Hepatitis C virus infection was the main etiology of liver cirrhosis in both groups, whereas hepatitis B virus infection was much less common. Hepatitis C virus and hepatitis B virus coinfection was present in 20% of the SBP group.

AF culture revealed the presence of organisms in 43.4% of patients in the SBP group (all organisms were gram negative) and absence of organisms in all non-SBP patients ([Table 1]).{Table 1}

Cellular examination of AF revealed a highly significant increase in AF total leukocytic and PMN cell counts in the SBP group when compared with the non-SBP group ([Table 2]).{Table 2}

Our results also revealed a highly significant increase in AF lactoferrin in the SBP group when compared with the non-SBP group with mean values of 3434.8 and 140.7 ng/ml, respectively ([Table 3]).{Table 3}

A receiver operating characteristic curve was generated and showed that AF lactoferrin, at the cut-off level of 255 ng/ml, can distinguish patients with SBP from those without SBP with sensitivity (100%) and specificity (88.9%). The area under the receiver operating characteristic curve was 0.98 ([Figure 1]).{Figure 1}

 Discussion



SBP is a common and serious infection occurring in 8–27% of hospitalized patients with cirrhosis and ascites [7]. It is also one of the potential life-threatening complications in cirrhotic patients with ascites, with mortality ranging between 30 and 50% [8], and therefore it requires a rapid and accurate diagnosis in addition to prompt effective therapy [9].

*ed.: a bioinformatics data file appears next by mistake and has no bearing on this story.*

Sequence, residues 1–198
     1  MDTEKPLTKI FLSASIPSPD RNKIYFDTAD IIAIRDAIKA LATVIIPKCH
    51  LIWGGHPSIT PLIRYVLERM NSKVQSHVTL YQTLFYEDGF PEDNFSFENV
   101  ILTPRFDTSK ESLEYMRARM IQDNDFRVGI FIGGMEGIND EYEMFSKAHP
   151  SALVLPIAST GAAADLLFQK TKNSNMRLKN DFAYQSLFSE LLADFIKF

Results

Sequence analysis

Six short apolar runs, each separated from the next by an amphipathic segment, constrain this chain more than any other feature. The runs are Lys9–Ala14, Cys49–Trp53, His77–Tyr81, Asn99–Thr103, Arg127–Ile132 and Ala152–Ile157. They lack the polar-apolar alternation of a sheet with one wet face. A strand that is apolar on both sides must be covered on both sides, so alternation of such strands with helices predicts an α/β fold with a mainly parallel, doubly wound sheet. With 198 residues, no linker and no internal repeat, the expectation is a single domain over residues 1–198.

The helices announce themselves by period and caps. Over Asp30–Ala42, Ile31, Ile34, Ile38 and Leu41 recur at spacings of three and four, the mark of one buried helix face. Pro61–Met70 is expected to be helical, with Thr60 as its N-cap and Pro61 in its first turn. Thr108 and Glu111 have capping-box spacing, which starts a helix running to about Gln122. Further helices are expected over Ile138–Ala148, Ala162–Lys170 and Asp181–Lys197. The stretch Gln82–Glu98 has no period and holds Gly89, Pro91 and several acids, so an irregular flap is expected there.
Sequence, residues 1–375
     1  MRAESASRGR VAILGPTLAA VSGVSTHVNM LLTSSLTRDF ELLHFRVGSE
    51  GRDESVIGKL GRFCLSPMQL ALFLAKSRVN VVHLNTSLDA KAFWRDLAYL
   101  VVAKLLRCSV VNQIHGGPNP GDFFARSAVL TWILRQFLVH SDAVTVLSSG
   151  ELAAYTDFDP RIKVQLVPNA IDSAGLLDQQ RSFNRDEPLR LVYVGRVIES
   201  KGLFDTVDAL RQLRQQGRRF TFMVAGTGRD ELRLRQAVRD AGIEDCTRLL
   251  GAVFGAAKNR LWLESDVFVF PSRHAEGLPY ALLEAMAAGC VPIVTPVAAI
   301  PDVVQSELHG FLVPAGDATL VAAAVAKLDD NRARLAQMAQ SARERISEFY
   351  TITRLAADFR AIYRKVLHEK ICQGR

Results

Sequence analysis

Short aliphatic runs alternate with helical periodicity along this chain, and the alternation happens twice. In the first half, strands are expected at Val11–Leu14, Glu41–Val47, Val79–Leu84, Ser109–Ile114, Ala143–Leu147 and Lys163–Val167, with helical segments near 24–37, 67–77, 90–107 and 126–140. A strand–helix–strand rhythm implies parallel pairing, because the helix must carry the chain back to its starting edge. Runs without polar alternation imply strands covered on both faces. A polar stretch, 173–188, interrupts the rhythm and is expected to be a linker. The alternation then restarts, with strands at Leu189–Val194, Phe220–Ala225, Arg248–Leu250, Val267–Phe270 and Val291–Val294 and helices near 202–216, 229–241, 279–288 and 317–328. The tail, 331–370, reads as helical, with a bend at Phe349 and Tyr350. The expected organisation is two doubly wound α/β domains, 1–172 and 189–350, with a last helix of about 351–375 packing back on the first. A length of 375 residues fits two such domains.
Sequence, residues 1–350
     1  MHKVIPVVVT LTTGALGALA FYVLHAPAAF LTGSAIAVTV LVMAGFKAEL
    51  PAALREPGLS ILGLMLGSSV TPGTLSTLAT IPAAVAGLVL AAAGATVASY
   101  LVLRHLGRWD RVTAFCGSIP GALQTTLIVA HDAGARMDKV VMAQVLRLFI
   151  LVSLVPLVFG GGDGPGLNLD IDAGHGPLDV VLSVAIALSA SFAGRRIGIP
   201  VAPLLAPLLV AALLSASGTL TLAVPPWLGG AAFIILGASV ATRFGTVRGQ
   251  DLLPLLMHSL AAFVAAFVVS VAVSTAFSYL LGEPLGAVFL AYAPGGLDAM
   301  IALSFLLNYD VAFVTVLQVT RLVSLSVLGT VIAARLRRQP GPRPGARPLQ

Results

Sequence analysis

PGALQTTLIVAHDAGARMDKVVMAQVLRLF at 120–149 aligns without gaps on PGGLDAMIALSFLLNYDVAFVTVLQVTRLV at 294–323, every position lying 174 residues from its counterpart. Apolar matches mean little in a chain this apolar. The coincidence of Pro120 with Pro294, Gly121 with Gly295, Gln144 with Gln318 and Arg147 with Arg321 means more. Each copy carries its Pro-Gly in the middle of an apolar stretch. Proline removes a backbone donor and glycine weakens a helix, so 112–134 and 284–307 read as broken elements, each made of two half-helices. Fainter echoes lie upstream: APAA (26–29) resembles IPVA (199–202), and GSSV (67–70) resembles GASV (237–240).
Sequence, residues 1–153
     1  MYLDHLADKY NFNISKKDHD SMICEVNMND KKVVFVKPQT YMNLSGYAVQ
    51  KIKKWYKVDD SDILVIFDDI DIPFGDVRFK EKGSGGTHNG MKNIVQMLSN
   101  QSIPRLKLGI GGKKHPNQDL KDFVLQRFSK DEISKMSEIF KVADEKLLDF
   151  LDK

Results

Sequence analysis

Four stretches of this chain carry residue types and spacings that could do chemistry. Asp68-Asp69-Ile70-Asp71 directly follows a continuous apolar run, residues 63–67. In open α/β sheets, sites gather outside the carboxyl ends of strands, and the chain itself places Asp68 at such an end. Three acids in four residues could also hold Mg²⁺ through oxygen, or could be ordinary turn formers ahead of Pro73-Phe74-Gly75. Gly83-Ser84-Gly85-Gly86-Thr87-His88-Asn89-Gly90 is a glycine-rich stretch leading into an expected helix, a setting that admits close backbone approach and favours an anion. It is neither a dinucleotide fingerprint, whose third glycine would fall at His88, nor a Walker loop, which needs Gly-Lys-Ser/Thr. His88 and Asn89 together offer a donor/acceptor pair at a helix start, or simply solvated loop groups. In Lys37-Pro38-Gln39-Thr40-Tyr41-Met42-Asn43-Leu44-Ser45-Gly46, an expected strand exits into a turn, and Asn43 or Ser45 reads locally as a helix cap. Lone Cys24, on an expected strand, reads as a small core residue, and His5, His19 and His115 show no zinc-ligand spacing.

Lactoferrin is one of the main immune proteins of the neutrophil granulocytes, stored in secondary granules where it resides until cellular activation. On contact with a foreign antigen, these cells degranulate and release a number of antibacterial and antiviral peptides, including lactoferrin. The major function of lactoferrin probably resides in its bactericidal effects, either by sequestering free iron or by the effects of lactoferricin, an antibacterial peptide generated by proteolytic cleavage of lactoferrin [0].

Regarding this study, AF bacterial cultures were positive in 13 cases (43.4%) of the SBP group and negative in all cases of the non-SBP group. This is in agreement with Llovet et al. [1] who detected positive AF bacterial cultures in 41.7% of cases of SBP. However, culture-negative neutrocytic ascites, which are considered as a variant of SBP, were detected in 56.6% of SBP cases, consistent with a study conducted by Navasa and colleagues, who reported that, despite using good culture techniques, cultures are still negative in ∼30–50% of patients with an increased AF-PMN cell count. Culture negativity was explained by low concentrations of bacteria in AF [2]. Furthermore, AF culture is insensitive and leads to delay in diagnosis for several days. A delay in antibiotic therapy entails high mortality [6].